Autism and hospital visits, how to prepare for success

It’s never fun, especially when it is an emergency and you haven’t had time to prepare.  I recently had to spend a few nights in the emergency department with my son. The first night was out of town, in a small town with a small hospital, no paediatrician but plenty of amazing care. There were also no beds available which meant that I had to spend the whole night sitting on a chair holding my son.  Apparently it wasn’t as bad as it felt because the next morning someone complimented me on how great I looked!

child in hospital bed

The following evening my son was able to fly back home and we went straight from the airport to the emergency room of our brand new Montreal Children’s Hospital that had a bed for him and a slightly more comfortable chair for me. For my son, who had never been hospitalized before, the worst part wasn’t the pain, the physical limitations imposed by his condition, the strangers poking and prodding, nor even the needles he hated so much; it was having to sleep at the hospital. He was okay with being at the hospital during the day, but having to spend the night there was another issue altogether. He cried more over that than about anything else and there was nothing I could do about it. I couldn’t ask for more medication to help with that kind of pain. He missed home, missed his brother, his stuffed animals and his dad.

wheel chair

For my part, I felt completely unprepared and noticed how different my experience at the hospital was compared to the last time I had been there with my older son for a planned procedure. When my kids have planned visits to the hospital they always run smoothly,  even if we have to spend hours there. The secret to those visits’ successes is preparation.

When you have a child with autism, taking them to the hospital often makes you, the parent, nervous and not just about the medical procedures. You are nervous about how your child will handle being in hospital; strange place, strangers touching him, the noises, the BRIGHT lights, staff’s reaction to your child’s unusual behaviour and on and on.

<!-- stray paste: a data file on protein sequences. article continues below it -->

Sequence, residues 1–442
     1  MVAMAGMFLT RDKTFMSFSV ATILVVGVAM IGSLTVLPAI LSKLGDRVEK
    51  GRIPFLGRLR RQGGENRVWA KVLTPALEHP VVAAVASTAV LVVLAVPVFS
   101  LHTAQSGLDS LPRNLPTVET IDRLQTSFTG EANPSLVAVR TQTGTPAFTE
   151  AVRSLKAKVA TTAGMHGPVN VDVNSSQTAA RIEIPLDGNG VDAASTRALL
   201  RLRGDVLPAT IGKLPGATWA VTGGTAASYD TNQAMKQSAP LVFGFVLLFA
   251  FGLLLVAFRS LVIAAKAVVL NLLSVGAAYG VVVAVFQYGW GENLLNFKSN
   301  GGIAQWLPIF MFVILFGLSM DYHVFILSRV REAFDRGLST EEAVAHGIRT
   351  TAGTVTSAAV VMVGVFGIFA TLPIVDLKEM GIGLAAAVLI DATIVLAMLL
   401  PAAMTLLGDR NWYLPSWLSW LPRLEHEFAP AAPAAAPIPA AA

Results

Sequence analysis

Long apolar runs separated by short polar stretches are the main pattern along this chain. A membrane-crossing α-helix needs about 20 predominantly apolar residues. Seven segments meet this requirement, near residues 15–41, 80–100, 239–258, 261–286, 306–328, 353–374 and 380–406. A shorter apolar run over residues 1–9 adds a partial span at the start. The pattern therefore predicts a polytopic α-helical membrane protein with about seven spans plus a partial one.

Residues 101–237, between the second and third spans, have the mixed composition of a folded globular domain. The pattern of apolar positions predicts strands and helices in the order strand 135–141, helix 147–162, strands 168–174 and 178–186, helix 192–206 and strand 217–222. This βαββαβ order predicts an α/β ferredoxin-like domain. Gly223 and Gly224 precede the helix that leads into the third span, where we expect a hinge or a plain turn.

The following tips can help parents prepare themselves and their child for the hospital visit and help them support hospital staff so that hospital visits can be a success.

Preparing yourself includes:

  • having the hospital card made before your appointment
  • be sure of where you are going and have all the documents needed
  • arrive early for the appointment
  • pack entertainment, snacks and even a meal for your child
  • remember your sense of humour

girl-playing-doctor-1200x565Preparing your child includes things like:

  • if possible, visit the hospital between appointments just to walk around
  • use toys for role-playing and show your child what to expect; hospital beds, drip etc
  • social stories

 

Supporting the staff:

  • be ready to fill in the blanks when the staff don’t understand
  • come up with alternatives for doing a procedure
  • depending on your child’s needs, consider having a summary about them that you can share with medical staff.

It’s never fun to go to the hospital; not for our kids, us nor the staff and other patients but with preparation, it is possible to make the visits less unpleasant for everyone.

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